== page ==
The news came on Wednesday morning. The 2016 Boston Marathon qualifying times are 2 minutes and 28 seconds faster than the qualifying standard for age groups. I quickly saw my social media feeds turn to the Boston Marathon. Some folks were elated — I got in! Others were dejected — I can’t believe the time is so much faster than last year! Others still were accepting — too bad, but there’s always next year!
The varying degrees of success and failure within sports is vast and sweeping. There are those of us that have goals but don’t seem too let down when a goal isn’t achieved. Then there are others who simply can’t accept that sometimes failure is inevitable. And there are others that fall somewhere in the middle of the spectrum.
As a coach, I find it critical to convey to my athletes the importance of perspective. In order to be a successful runner [mother, father, friend, professional] — you need to accept that you can work harder than anyone else on the same project or in the same household, or on the same field, and sometimes it just ain’t gonna happen. Other times, it may seem like you haven’t worked much at all, but POOF! you nail every workout, hit every pace, and snag your PR with minutes to spare. It’s a toss of the dice, really. In other words, you just gotta roll with it.
To help keep things in perspective, I put together this little list of different ways we runners work toward and achieve our goals. As we are in the throes of the fall racing season, I thought this particularly timely to help you stay focused as you tackle your fall race. Whatever your race and whatever your goal, one thing is held in common — we are all chasing the dream. What’s the dream exactly? It varies. Let’s examine:
1. Achieving a personal record or personal best (PR or PB, respectively).
You’ve trained all summer long. It was sweltering. Those of you down south or out west likely moved indoors to train on the treadmill during the hottest months in your geographical location. Those of us in the northern U.S. have enjoyed a nice summer of training outdoors. Early mornings. Quiet roads. A lot of miles. All the training, all the sweat, all the miles culminate into one final day. The race. The PR we have been working toward all summer long. It’s achievable. We can do this.
2. Being accepted into the Grand Prix of racing — the Boston Marathon.
Well as you know, astoundingly, qualifying times for the 2016 Boston Marathon are 2 minutes and 28 seconds faster than the qualifying standard for age groups. That means more than 4,000 runners have not been accepted into the highly sought after, creme de la creme, Boston Marathon. I know a lot of runners out there are devastated. They’ve worked all year long to fine-tune their skills and their speed. Their bodies were well-oiled machines and they did what a lot of runners can’t do. They raced and got in under posted age group standards. There will be other BQ races, and there will be more chances. And for those of you that have gotten in, kudos on a job well done. You rocked it and you’re on your way to racing the most prestigious marathon in the world.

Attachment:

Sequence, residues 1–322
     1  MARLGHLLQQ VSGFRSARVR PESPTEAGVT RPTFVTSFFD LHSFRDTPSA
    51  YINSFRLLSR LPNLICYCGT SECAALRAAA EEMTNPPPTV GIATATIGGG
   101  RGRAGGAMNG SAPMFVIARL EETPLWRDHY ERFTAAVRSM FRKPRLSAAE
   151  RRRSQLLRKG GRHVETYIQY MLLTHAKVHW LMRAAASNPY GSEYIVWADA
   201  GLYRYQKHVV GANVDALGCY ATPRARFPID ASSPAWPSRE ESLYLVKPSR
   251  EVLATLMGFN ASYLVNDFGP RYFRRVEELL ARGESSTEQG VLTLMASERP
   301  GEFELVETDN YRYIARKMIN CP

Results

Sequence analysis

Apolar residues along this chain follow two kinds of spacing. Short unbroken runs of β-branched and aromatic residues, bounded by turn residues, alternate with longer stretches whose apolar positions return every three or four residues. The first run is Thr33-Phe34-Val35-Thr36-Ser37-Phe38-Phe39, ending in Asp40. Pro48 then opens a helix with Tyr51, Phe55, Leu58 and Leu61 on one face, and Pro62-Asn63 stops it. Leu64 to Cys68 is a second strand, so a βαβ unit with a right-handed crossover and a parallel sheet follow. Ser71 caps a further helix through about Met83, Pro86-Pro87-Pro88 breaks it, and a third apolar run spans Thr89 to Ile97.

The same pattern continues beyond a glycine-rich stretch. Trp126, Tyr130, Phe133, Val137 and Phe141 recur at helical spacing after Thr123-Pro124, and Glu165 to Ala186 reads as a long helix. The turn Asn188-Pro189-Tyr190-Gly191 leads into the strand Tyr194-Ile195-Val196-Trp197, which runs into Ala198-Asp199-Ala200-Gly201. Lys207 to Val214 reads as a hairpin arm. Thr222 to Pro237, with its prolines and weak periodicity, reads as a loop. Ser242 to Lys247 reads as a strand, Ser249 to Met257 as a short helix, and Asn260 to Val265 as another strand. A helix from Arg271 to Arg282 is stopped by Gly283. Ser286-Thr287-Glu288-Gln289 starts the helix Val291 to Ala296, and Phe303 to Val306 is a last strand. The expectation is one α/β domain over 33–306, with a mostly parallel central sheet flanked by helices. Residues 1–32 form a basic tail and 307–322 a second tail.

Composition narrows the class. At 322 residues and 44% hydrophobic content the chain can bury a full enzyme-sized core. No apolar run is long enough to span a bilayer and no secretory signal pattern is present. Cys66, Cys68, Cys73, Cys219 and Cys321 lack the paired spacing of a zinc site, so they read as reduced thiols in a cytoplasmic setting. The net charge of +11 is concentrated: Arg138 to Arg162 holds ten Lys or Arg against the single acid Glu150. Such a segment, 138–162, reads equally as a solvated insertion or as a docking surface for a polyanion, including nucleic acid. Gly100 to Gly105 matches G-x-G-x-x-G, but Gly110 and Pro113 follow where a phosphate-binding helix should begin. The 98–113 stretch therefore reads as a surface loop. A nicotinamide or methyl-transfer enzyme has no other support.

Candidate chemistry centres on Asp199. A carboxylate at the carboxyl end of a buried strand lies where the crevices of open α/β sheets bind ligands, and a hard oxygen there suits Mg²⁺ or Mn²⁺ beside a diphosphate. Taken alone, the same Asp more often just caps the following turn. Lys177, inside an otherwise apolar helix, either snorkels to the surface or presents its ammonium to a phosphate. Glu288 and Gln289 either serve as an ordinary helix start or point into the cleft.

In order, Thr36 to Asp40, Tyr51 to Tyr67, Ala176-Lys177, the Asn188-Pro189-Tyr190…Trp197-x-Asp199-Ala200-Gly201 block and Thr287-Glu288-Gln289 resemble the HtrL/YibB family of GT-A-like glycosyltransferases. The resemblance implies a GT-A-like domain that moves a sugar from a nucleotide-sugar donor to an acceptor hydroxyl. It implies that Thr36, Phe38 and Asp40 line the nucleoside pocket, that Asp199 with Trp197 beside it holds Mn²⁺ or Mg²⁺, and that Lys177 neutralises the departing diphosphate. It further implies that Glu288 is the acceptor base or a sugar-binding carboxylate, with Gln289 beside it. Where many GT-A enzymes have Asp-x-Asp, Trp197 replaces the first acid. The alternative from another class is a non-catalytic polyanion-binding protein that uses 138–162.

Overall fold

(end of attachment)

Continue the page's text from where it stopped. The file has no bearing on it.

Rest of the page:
3. Staying injury free.
Some of you are just racing the fall season to have fun. You probably raced in the spring and maybe walked away with an unforeseen injury and now your goal has shifted. Your main goal for fall racing is to remain injury-free and have fun. Get after it — live it up! Go slow when you have to, but enjoy your race.
4. Just finishing.
A lot of you — and I mean a lot — are running your first marathon this fall. And what that usually means is that you’re running just to finish. You’re running for the glory of being able to say you ran a marathon. I say good for you! I did the same in the spring and
walked hobbled away a marathon finisher. I wasn’t so proud at the time, and I humbly put my 26.2 magnet on my car. I didn’t feel quite right about it at first. But now, 4 months later, I realize how epic a 26.2 mile journey truly can be. It’s a life-changing experience. So I say to all you first time marathoners — you’ve got this! Get in there, stay focused, walk when you have to, and get that bling!
5. Running a bucket list race.
Now this is the way to race, if I do say so myself! There are so many awesome races out there and what seems like such little time. When I hear of friend X running an amazing race in the Florida Keys, or friend Y racing in Colorado, my insides get all twisted up and I get anxious because I literally want to RUN ALL THE RACES! Fall is the perfect time to run a bucket list race. Cooler temperatures make running in a new location a lot of fun. There’s less potential for adverse running conditions that you’re not used to (ie extreme heat and humidity), and if you’re racing in the midwest or northeast, you’ll get some pretty great views of the leaves changing and the fall sunshine.
Goals, successes, failures. They ebb and flow. Paths change and interests change. No matter what your goals and intentions, stay focused but realize life is not written in stone. We are changing, dynamic creatures and we have to be flexible. What matters is you got out there, you tried it, you gave it your all. #noexcuses
Tell me… what are YOUR fall racing goals? Did you get in to the Boston Marathon? Did you qualify and not get accepted?
boston marathoncoachfailurefallmarathonperceived effortpersonal recordperspectiveracingrunningsuccesstraining